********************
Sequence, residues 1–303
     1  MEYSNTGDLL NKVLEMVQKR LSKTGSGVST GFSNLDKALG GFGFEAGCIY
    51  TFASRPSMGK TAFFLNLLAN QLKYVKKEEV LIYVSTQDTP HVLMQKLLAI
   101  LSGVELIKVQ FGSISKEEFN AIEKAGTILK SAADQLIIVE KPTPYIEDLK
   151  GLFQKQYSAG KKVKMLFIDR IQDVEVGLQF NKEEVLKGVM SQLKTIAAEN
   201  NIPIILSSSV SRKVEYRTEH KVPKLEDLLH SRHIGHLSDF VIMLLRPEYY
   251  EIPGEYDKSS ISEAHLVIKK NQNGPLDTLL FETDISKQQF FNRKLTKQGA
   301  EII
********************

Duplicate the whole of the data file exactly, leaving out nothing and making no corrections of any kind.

Sequence, residues 1–303
     1  MEYSNTGDLL NKVLEMVQKR LSKTGSGVST GFSNLDKALG GFGFEAGCIY
    51  TFASRPSMGK TAFFLNLLAN QLKYVKKEEV LIYVSTQDTP HVLMQKLLAI
   101  LSGVELIKVQ FGSISKEEFN AIEKAGTILK SAADQLIIVE KPTPYIEDLK
   151  GLFQKQYSAG KKVKMLFIDR IQDVEVGLQF NKEEVLKGVM SQLKTIAAEN
   201  NIPIILSSSV SRKVEYRTEH KVPKLEDLLH SRHIGHLSDF VIMLLRPEYY
   251  EIPGEYDKSS ISEAHLVIKK NQNGPLDTLL FETDISKQQF FNRKLTKQGA
   301  EII